VIENNA – An Austrian court has ruled that video-sharing platform YouTube can be held partly liable for copyright breaches in videos uploaded by its users, in a ruling that may have far-reaching implications.
In a judgment issued on Tuesday and confirmed to AFP on Thursday, Vienna’s commercial court said that YouTube had played an active role in spreading such content and therefore could not claim the status of “neutral intermediary,” according to the ruling cited by the Ploil-Boesch law firm.
The firm is acting on behalf of Austria’s Puls 4 television station, which brought a case against YouTube in 2014 over the unauthorized presence of its content on the site.
Puls 4 and its lawyers said they had established YouTube’s complicity in spreading the content through a “painstaking” analysis of how the site works.
The court found that because of the site’s “links, mechanisms for sorting and filtering, in particular the generation of lists of particular categories, its analysis of users’ browsing habits and its tailor-made suggestions of content. … YouTube is no longer playing the role of a neutral intermediary.”
“YouTube must in future — through advance controls — ensure that no content that infringes copyright is uploaded,” it added.
According to Puls 4, if the decision is upheld on appeal it could be an important landmark in defining the responsibility of sites like YouTube in the field of copyright protection.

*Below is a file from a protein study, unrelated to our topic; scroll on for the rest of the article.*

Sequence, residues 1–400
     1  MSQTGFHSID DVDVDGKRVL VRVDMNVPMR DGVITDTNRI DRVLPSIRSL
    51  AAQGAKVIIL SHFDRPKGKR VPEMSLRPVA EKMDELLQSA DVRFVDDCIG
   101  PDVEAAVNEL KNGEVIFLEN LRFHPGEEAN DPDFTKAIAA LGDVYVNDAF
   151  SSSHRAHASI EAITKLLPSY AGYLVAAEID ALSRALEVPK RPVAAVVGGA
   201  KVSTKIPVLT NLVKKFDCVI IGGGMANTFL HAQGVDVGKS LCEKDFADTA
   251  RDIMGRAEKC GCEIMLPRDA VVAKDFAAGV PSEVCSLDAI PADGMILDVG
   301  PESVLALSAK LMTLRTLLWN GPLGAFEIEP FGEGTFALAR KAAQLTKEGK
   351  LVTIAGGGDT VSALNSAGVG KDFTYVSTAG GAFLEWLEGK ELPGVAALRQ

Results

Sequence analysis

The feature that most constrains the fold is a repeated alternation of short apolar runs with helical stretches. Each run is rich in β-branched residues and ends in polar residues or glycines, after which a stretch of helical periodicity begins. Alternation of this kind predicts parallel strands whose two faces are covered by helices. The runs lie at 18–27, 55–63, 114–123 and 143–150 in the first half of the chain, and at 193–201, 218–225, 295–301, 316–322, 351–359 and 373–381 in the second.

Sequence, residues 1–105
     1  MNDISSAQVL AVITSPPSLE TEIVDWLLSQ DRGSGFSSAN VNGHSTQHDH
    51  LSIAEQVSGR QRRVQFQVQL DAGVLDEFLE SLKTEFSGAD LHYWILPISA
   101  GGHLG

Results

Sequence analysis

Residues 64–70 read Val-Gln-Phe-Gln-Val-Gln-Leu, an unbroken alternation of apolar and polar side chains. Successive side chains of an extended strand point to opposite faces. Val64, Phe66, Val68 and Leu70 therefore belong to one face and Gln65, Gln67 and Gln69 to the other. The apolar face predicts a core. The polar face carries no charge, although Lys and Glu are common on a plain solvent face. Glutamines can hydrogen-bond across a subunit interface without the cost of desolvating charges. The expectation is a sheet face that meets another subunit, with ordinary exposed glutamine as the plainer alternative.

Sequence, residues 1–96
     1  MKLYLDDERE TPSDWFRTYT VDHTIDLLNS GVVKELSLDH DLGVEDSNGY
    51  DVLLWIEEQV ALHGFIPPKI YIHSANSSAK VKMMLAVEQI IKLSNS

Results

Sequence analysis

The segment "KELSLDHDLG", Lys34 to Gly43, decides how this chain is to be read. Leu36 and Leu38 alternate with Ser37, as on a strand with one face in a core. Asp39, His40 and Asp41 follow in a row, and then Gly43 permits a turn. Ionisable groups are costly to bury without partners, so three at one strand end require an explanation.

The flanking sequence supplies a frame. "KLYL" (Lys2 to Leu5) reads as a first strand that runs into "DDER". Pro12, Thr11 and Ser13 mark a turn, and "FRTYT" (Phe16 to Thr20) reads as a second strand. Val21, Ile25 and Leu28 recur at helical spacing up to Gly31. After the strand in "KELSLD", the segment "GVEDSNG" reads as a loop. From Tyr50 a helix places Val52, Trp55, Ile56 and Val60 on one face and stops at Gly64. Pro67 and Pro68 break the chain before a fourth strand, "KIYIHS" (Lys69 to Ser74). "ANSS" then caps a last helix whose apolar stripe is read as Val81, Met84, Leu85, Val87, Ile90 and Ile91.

“The media companies who call themselves social networks will have to recognize that they too have to take on responsibility for the content with which they earn their millions,” said the head of Puls 4, Markus Breitenecker.
Austrian media quoted YouTube as saying it takes copyright protection “very seriously” and that it would study the judgment closely, while not ruling out an appeal.
The judgment comes as the European Union discusses possible reforms to copyright law to ensure news publishers and artists are better compensated for their work when it appears on online platforms.
Among the measures being considered in Brussels is forcing video-sharing sites like YouTube or Dailymotion to introduce technology to identify and delete songs or other audio-visual works which have been flagged by copyright holders.